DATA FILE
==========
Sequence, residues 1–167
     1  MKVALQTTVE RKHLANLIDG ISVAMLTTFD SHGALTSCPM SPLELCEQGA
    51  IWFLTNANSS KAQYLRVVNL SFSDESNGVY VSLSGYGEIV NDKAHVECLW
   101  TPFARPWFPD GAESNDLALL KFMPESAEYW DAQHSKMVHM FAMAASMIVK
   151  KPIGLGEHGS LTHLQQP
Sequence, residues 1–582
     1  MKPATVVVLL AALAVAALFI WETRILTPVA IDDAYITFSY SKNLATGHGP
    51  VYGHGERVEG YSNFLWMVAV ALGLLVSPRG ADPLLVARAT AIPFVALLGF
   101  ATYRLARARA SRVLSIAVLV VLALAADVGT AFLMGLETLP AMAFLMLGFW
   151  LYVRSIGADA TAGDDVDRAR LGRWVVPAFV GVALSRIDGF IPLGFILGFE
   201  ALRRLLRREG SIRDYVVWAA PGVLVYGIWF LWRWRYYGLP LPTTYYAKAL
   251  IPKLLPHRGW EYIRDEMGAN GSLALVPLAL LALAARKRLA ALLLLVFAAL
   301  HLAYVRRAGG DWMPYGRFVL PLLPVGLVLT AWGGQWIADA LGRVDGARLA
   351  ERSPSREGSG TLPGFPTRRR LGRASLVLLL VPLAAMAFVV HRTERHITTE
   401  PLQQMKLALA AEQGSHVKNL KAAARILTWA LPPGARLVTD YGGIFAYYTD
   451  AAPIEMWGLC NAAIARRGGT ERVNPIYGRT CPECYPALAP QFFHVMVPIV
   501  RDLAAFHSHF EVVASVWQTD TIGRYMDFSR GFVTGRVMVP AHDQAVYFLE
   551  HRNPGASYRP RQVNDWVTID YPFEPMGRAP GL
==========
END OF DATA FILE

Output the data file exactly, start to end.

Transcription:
Sequence, residues 1–167
     1  MKVALQTTVE RKHLANLIDG ISVAMLTTFD SHGALTSCPM SPLELCEQGA
    51  IWFLTNANSS KAQYLRVVNL SFSDESNGVY VSLSGYGEIV NDKAHVECLW
   101  TPFARPWFPD GAESNDLALL KFMPESAEYW DAQHSKMVHM FAMAASMIVK
   151  KPIGLGEHGS LTHLQQP
Sequence, residues 1–582
     1  MKPATVVVLL AALAVAALFI WETRILTPVA IDDAYITFSY SKNLATGHGP
    51  VYGHGERVEG YSNFLWMVAV ALGLLVSPRG ADPLLVARAT AIPFVALLGF
   101  ATYRLARARA SRVLSIAVLV VLALAADVGT AFLMGLETLP AMAFLMLGFW
   151  LYVRSIGADA TAGDDVDRAR LGRWVVPAFV GVALSRIDGF IPLGFILGFE
   201  ALRRLLRREG SIRDYVVWAA PGVLVYGIWF LWRWRYYGLP LPTTYYAKAL
   251  IPKLLPHRGW EYIRDEMGAN GSLALVPLAL LALAARKRLA ALLLLVFAAL
   301  HLAYVRRAGG DWMPYGRFVL PLLPVGLVLT AWGGQWIADA LGRVDGARLA
   351  ERSPSREGSG TLPGFPTRRR LGRASLVLLL VPLAAMAFVV HRTERHITTE
   401  PLQQMKLALA AEQGSHVKNL KAAARILTWA LPPGARLVTD YGGIFAYYTD
   451  AAPIEMWGLC NAAIARRGGT ERVNPIYGRT CPECYPALAP QFFHVMVPIV
   501  RDLAAFHSHF EVVASVWQTD TIGRYMDFSR GFVTGRVMVP AHDQAVYFLE
   551  HRNPGASYRP RQVNDWVTID YPFEPMGRAP GL